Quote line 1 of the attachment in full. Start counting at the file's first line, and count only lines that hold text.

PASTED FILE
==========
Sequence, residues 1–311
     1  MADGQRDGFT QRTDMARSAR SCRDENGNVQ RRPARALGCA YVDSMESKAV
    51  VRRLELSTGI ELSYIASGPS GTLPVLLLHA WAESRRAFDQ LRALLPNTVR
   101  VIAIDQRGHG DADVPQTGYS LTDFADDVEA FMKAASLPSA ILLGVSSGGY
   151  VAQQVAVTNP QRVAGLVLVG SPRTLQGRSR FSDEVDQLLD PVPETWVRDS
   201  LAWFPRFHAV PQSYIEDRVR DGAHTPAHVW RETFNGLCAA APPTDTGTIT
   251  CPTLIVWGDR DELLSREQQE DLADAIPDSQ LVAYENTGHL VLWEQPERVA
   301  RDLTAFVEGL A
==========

Sequence, residues 1–311